What will happen to J.Crew without Mickey Drexler as CEO?

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Photo: RetailWire
Jun 06, 2017
George Anderson

Past performance, as they say, is no indication of future performance. That, unfortunately, turned out to be the case with J.Crew’s Mickey Drexler, who is stepping down as chief executive of the retailer, despite a reputation as among the greats in apparel retailing based on leading a turnaround of Gap and creating its successful Old Navy chain.

Mr. Drexler, who will remain as J.Crew’s chairman, is being replaced by James Brett, a retail executive with more than 25 years experience. Mr. Brett, who most recently served as president of West Elm, will join J.Crew next month. Mr. Brett previously served as chief merchandising officer for Urban Outfitters. He also worked in merchandising roles for Anthropologie, J.C. Penney and May Department Stores.

“We continue to make significant changes to position our company for long-term success,” said Mr. Drexler, in a statement. “As chairman and an owner of the company, it is my responsibility to focus on the future of J.Crew and find the right leadership to execute on our strategic plans.”

In an interview last month with The Wall Street Journal, Mr. Drexler admitted that he did not appreciate the speed at which technology was changing the retail business. The chain has moved some of its clothing production from China to countries close to the U.S. market.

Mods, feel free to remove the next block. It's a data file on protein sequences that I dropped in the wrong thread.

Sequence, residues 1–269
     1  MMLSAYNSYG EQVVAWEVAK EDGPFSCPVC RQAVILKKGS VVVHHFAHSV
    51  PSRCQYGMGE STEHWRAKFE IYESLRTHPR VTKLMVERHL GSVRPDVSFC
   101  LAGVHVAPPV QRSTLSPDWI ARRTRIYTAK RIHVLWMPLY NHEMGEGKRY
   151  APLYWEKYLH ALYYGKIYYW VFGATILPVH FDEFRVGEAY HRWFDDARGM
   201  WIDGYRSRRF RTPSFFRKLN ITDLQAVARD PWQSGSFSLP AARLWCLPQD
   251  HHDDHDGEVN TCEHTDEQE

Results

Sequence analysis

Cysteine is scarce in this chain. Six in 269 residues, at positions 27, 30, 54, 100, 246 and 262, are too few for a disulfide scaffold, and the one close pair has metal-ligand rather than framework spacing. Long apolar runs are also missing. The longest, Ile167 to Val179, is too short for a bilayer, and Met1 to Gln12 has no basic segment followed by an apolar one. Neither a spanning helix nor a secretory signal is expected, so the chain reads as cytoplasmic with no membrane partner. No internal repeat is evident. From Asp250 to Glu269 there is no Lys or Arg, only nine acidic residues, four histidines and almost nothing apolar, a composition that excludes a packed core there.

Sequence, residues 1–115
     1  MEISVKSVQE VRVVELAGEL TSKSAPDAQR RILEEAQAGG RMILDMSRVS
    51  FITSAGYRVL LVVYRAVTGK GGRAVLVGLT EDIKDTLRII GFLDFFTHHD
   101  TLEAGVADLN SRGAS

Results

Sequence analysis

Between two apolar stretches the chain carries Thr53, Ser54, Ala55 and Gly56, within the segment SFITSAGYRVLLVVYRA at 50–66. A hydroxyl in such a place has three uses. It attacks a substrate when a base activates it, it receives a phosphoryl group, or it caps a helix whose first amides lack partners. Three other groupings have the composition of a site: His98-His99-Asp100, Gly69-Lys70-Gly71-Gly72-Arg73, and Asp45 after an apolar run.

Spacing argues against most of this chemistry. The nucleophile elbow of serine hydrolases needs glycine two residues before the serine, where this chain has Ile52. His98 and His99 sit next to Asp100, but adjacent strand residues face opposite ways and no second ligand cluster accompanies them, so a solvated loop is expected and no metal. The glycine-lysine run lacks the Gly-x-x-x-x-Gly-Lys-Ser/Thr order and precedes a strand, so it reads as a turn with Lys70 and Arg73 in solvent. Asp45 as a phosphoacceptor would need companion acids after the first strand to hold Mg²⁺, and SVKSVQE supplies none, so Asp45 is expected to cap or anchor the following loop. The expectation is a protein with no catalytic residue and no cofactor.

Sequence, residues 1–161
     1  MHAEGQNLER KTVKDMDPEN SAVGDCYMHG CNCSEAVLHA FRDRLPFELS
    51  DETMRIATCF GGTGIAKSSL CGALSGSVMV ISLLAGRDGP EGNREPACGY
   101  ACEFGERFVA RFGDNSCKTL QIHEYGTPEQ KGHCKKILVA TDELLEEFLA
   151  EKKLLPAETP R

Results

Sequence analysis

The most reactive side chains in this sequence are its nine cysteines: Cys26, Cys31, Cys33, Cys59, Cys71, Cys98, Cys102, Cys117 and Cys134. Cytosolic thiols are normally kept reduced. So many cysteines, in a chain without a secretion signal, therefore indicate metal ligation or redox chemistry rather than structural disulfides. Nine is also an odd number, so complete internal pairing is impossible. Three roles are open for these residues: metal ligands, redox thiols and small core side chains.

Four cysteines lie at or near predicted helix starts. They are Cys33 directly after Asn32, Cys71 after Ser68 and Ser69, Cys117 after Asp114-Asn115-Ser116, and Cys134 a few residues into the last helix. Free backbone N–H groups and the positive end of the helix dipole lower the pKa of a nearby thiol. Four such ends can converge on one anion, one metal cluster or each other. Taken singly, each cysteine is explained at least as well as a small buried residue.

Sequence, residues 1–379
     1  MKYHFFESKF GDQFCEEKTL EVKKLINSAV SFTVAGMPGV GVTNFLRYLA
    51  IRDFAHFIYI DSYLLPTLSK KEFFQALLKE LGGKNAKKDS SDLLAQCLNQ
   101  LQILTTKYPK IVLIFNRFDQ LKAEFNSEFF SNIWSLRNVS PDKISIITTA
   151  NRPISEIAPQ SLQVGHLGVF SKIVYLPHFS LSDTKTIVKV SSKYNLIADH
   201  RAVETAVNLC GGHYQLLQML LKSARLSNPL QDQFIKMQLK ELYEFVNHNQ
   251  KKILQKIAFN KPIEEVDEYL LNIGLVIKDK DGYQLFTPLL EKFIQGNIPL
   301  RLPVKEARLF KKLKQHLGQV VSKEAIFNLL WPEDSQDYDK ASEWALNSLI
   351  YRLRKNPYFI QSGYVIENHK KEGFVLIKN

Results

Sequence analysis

Mr. Drexler told the paper that J.Crew was lowering prices on about 300 items and had created an analytics group focused on optimizing pricing.

Jenna Lyons, president and J. Crew’s long-time creative director, stepped down in April after several years of sales declines. Ms. Lyons was replaced by Somsack Sikhounmuong as chief design officer at J.Crew. He was head designer for the company’s successful Madewell brand from 2013 to 2015 and is responsible for overseeing the design teams for J.Crew’s men’s, women’s and crewcut lines.

DISCUSSION QUESTIONS: What do you expect to happen to J.Crew without Mickey Drexler as CEO? What do you think James Brett will bring to the job that wasn’t present with Mickey Drexler?

Braintrust
"Changing of the guard is net positive, but James Brett will have his hands very full trying to find a new, sustainable path for J.Crew."